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The Pleiades (M45) open star cluster, about 400 light-years away from the solar system, has been clearly found to contain activity involving the formation of planets as the result of collisions between planets.           



Team leader Joseph Rhee, from the University of California, Los Angeles (UCLA), said in a statement. "This is the first clear evidence for planet formation in the Pleiades, and the results we are presenting strongly suggest that terrestrial planets like those in our solar system are quite common,"

Using the 8-meter Frederick C. Gillett Telescope at the Gemini Observatory in Hawaii (Gemini North), and the (current) NASA Spitzer Space Telescope and the (former) Infrared Astronomical Satellite (IRAS) orbiting observatories, U.S. astronomers have found observational evidence in the infrared portion of the electromagnetic radiation spectrum that rocky planets (terrestrial planets like Earth or Mars) are forming in the solar system.

They contend that the formation of terrestrial planets is very common based on the amount of dust that has formed as a result of collisions between rocky planets.

The Pleiades star cluster, also called the “Seven Sister” because of its nine brightest stars, is a group of about 1,400 stars within the constellation Taurus. The “seven sisters” stars are easily seen in the night sky: Sterope, Merope, Merope, Electra, Maia, Taygete, Celaeno, and Alcyone, and their parent stars Atlas and Pleione.

The results of the astronomical researchers—Joseph Rhee (UCLA), Inseok Song (NASA Spitzer Science Center at the California Institute of Technology), and Benjamin Zuckerman (UCLA)—will appear in an upcoming issue of the Astrophysical Journal.

Specifically, the researchers found the star HD 23514 contains a multitude of warm dust particles—hundreds of thousands of times more warm dust particles than what surrounds the Sun. Such an extraordinary amount of dust particles is thought to be the result of a gigantic collision of planets or protoplanets.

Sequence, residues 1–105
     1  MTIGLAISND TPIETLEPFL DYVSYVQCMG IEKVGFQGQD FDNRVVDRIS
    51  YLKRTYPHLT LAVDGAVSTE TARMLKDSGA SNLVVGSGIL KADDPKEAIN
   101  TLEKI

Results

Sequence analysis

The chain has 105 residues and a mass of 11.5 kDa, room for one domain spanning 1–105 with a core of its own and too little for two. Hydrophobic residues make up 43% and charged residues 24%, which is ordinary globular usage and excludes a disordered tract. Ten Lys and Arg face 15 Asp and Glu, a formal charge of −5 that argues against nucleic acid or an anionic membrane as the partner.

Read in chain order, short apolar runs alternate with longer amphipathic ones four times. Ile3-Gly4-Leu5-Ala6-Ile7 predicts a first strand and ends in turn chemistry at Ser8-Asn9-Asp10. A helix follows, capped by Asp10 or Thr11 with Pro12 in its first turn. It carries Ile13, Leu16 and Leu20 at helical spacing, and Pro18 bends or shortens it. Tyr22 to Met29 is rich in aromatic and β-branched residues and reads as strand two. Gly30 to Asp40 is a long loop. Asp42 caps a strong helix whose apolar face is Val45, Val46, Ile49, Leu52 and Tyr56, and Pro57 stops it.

These hot dust particles can first form into comets and small asteroids, which can later form into protoplanets (small, early-stage bodies, about the size of moons, which may later develop into planets if given the right conditions). Under other conditions, these protoplanets collide and obliterate each other—forming huge numbers of warm dust particles.

The researchers contend that the dust particles found around HD 23514, which is about 100 million years old, are the result of protoplanets colliding and destroying each other. Based on data from HD 23514, along with the star BD +20 307 that is about 400 million years old, they contend that most Sun-like stars are likely involved in the formation of terrestrial-type planets as massive amounts of warm dust particles continually clump together and get bigger and bigger with time. Some of these clumps form protoplanets, and some of these protoplanets become full-fledged planets.

These two stars are prime examples of stars containing second-generation debris; that is, debris that has had enough time (tens of millions of years) to either clump together to form much larger objects or collide with each other to form massive amounts of dust. First-generation debris, or primordial dust, is usually found around younger stars, less than ten millions years old, which have not had enough time to form into larger bodies.

The discovery by the Rhee team is very important in the developing theory on how planets are forming outside of our solar system, and how our eight planets (and several dwarf planets and other objects such as comets and asteroids) formed billions of years ago around the Sun.


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